Real Madrid’s 7 worst signings of all time

TOP 7: ROBERT PROSINECKI | From Red Star | €15m | 1991

Robert Prosinecki recently admitted, “My time at Madrid could certainly have been better. But I established myself there at a time when foreign players were limited, and I discovered a different type of football.” However, even he acknowledges that his spell is better remembered for “injuries and lost titles”.

Big things had been expected of one of the finest talents ever to come out of the Balkans, a gifted midfielder who had just helped Red Star Belgrade win the European Cup. The highlight of his three-year Real career, though, was a goal against Barcelona in the Clasico and even that was well and truly overshadowed by the fact that he departed for Catalunya in 1995. That he also flopped there was of little consolation to Real’s frustrated fans.

TOP 6: J.WOODGATE | From Newcastle | €18.3m | 2004

The worst debut in history? It’s hard to look past Jonathan Woodgate’s first outing for Madrid – even though it was extremely tough to watch. The centre-half had joined in 2004 but a spent a year out injured with a thigh problem that Real’s doctors had failed to detect.

“I thought, ‘Right, you’re back. Show them what you can do,” he later recalled of his appearance in a Liga game against Athletic Bilbao. He scored an own goal and was sent off. A forgiving Bernabeu gave him a standing ovation nonetheless but nobody complained when Woodgate was sent back to England in 2006 after just eight further Liga outings.

TOP 5: WALTER SAMUEL | From Roma | €25m | 2004

Even at €25m, Walter Samuel looked like an excellent signing for a Real side crying out for a dominant, ruthless centre-half. However, the Argentine never looked anything remotely like the player who had earned the nickname ‘The Wall’ during his time at Roma, much to the bemusement of former coach Fabio Capello.

“The fact that he did not make a name for himself at Real Madrid still surprises me,” the Italian later admitted. “Perhaps it was the wrong time.” It certainly seemed that way because as soon as Samuel returned to Italy in 2005, to join Inter, he went back to being one of the finest defenders on the planet, becoming a legend at San Siro.

TOP 4: ELVIR BALJIC | From Fenerbahce | €26m | 1999

Real have John Toshack to blame for the waste of money that was Elvir Baljic, as it was the Welshman had been impressed by the Bosnian during his time working in Turkey and, consequently, persuaded Real president to pay a shockingly large fee for the forward.

Baljic’s hopes of making an impact in Spain were hardly helped by a knee injury shortly after his arrival but even when fit, he did not look like he belonged at the highest level and he was loaned back to Fenerbahce after just one season, and one goal, in La Liga. He later mused: “It doesn’t hurt me to see media listing me among Real’s biggest flops; I don’t see myself that way.” Unfortunately, Real’s fans do.

TOP 3: DANILO | From Porto | €31.5m | 2015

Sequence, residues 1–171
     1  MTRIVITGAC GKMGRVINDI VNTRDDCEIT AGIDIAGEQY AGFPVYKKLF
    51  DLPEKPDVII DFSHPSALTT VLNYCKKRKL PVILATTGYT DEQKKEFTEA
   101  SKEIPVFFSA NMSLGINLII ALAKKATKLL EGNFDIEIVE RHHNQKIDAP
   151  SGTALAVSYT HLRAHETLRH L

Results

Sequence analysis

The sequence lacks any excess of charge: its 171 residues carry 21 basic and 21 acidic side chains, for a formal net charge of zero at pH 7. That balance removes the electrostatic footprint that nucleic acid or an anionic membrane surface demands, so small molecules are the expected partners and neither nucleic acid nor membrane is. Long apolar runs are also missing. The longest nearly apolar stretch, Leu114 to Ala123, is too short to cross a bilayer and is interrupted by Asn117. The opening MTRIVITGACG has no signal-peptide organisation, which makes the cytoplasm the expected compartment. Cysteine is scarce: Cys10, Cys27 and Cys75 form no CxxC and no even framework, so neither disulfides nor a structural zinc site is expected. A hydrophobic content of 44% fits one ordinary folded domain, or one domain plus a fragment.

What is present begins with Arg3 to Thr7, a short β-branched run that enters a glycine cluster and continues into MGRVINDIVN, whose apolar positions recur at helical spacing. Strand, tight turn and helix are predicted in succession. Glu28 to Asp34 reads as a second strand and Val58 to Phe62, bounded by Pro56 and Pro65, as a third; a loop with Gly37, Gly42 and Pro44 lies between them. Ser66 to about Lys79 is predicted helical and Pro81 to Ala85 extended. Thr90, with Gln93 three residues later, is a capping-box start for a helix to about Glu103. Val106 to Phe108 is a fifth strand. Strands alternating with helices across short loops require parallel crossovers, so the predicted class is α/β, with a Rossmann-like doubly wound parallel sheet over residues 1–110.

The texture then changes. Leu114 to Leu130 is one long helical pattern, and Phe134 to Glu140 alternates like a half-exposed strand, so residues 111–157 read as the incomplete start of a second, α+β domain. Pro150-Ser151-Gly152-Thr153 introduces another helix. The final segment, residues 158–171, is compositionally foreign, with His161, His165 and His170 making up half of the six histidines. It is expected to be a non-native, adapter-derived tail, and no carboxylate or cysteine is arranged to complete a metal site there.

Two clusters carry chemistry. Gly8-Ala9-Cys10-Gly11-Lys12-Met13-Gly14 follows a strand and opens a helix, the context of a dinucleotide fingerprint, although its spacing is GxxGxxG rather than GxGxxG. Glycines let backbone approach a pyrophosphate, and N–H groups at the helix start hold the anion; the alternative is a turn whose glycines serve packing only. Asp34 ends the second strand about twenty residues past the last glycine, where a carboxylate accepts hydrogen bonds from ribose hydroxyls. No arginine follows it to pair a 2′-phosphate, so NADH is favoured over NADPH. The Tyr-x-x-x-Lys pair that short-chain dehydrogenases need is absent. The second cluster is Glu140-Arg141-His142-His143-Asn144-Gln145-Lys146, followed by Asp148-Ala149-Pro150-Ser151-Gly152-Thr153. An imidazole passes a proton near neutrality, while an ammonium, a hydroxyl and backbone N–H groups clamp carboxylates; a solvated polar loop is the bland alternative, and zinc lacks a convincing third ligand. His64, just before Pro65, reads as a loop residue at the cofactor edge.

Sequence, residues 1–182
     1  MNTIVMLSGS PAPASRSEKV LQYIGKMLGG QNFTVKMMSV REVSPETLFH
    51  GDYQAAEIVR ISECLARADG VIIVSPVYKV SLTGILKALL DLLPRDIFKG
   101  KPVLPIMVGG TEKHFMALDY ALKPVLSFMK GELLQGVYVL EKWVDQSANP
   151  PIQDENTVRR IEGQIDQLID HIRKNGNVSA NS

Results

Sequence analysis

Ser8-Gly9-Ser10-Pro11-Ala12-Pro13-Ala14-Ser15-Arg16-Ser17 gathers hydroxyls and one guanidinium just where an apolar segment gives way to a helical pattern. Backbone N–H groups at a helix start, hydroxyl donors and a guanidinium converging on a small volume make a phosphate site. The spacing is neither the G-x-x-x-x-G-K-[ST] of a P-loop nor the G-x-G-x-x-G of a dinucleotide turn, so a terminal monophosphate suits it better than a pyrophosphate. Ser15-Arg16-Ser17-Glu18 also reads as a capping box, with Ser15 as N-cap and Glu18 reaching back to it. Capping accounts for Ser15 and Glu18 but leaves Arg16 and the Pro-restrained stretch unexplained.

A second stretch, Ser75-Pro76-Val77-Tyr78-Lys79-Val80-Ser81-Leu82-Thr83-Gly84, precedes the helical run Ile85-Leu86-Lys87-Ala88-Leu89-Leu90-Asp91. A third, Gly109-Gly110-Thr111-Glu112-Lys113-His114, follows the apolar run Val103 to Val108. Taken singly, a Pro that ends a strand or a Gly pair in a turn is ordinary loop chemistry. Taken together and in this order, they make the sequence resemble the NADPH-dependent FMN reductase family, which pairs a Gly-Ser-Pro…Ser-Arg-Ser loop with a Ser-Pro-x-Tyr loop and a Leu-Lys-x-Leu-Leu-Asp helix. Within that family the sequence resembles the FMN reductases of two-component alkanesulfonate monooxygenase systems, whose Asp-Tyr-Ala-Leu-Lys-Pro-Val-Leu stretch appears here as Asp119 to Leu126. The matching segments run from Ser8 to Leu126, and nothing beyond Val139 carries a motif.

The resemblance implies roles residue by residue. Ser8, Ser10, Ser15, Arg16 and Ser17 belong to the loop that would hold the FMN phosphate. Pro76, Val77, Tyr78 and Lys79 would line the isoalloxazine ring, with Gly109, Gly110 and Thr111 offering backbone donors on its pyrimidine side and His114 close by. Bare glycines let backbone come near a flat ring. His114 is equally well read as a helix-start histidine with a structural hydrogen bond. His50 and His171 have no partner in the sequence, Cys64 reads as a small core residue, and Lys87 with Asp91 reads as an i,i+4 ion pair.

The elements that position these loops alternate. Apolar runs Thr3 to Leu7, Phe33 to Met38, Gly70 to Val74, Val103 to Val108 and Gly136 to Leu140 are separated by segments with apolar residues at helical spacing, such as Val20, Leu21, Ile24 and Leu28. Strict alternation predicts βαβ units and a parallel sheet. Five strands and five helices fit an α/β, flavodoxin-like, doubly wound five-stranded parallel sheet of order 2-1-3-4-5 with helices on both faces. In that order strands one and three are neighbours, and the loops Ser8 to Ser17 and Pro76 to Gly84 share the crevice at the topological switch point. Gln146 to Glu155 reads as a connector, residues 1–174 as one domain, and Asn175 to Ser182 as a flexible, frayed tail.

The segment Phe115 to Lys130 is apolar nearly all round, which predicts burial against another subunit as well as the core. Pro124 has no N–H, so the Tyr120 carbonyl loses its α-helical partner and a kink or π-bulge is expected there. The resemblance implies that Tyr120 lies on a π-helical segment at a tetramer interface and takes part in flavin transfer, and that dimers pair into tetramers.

Danilo has openly admitted that it is difficult to deal with the amount of scrutiny players are subjected to by the media in Madrid. “An error, no matter how small, goes viral,” he lamented. “A mistake becomes very great even if it is small. But, of course, when you do something good, it is also very great.”

Unfortunately, the Brazilian has rarely done anything good since joining from Porto two years ago – he played every minute of every defeat Real suffered during the 2015-16 campaign – and is now set to be sold, with both Chelsea and Juventus inexplicably interested in signing Dani Carvajal’s understudy.

TOP 2: NICOLAS ANELKA | From Arsenal | €34.5m | 2009

Real took a massive gamble when they signed a talented but temperamental French striker who had already earned himself the nickname ‘ Le Sulk ‘ in the English press. It did not pay off. Nicolas Anelka lasted just one season in Spain – but it was an eventful campaign.

His first goal came in the Clasico, while he netted twice in the Champions League semi-finals against Bayern Munich. However, there were just seven goals altogether, not least due to the fact that the forward was suspended for 45 days at one point for refusing to train, with Anelka accusing his Spanish employers of treating him “like a dog”.

“Something does not turn around properly in his head,” Real president Lorenzo Sanz countered, shortly before selling his enfant terrible to PSG.

TOP 1: KAKA | From AC Milan | €65m | 2009

It’s easy to understand why Real Madrid broke the transfer world record to sign Kaka. When he joined from Milan, he was 27 and at the peak of his powers, the reigning Ballon d’Or holder. At the time, there was no better sight in football than the Brazilian trequartista with the ball at his feet: he didn’t run; he glided. Unfortunately, he was grounded for the majority of his time in Spain.

Injuries ruined what should have been a sensational partnership with Cristiano Ronaldo, while the arrivals of Jose Mourinho and Mesut Ozil also hindered his hopes of playing regular football. There were highlights, not to mention a Liga title triumph, but as he himself admitted, “I lost the joy of playing football a bit [in Madrid].”

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